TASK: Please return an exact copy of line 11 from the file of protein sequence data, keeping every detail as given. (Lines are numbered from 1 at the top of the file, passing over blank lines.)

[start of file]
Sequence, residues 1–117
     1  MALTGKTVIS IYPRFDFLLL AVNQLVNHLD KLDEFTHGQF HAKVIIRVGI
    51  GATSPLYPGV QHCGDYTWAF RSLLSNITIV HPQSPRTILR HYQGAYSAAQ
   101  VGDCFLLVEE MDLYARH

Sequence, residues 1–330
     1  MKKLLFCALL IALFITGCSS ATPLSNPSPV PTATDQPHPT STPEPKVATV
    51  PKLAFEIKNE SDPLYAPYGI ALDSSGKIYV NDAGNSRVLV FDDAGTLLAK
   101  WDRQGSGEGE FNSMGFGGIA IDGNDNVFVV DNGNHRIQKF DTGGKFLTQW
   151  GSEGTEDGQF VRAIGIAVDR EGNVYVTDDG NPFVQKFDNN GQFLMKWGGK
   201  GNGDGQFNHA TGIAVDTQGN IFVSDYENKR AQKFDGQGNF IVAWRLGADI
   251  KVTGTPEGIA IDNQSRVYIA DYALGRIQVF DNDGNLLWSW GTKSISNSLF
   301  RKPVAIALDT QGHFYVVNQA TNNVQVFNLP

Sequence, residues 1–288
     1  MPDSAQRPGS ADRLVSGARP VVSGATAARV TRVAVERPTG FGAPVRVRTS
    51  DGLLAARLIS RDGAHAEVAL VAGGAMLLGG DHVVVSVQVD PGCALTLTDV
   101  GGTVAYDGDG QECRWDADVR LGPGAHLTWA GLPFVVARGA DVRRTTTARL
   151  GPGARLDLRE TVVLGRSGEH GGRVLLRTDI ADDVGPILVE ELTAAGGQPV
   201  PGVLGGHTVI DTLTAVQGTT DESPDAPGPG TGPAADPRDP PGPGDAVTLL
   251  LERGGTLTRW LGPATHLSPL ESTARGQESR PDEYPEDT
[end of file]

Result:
   251  KVTGTPEGIA IDNQSRVYIA DYALGRIQVF DNDGNLLWSW GTKSISNSLF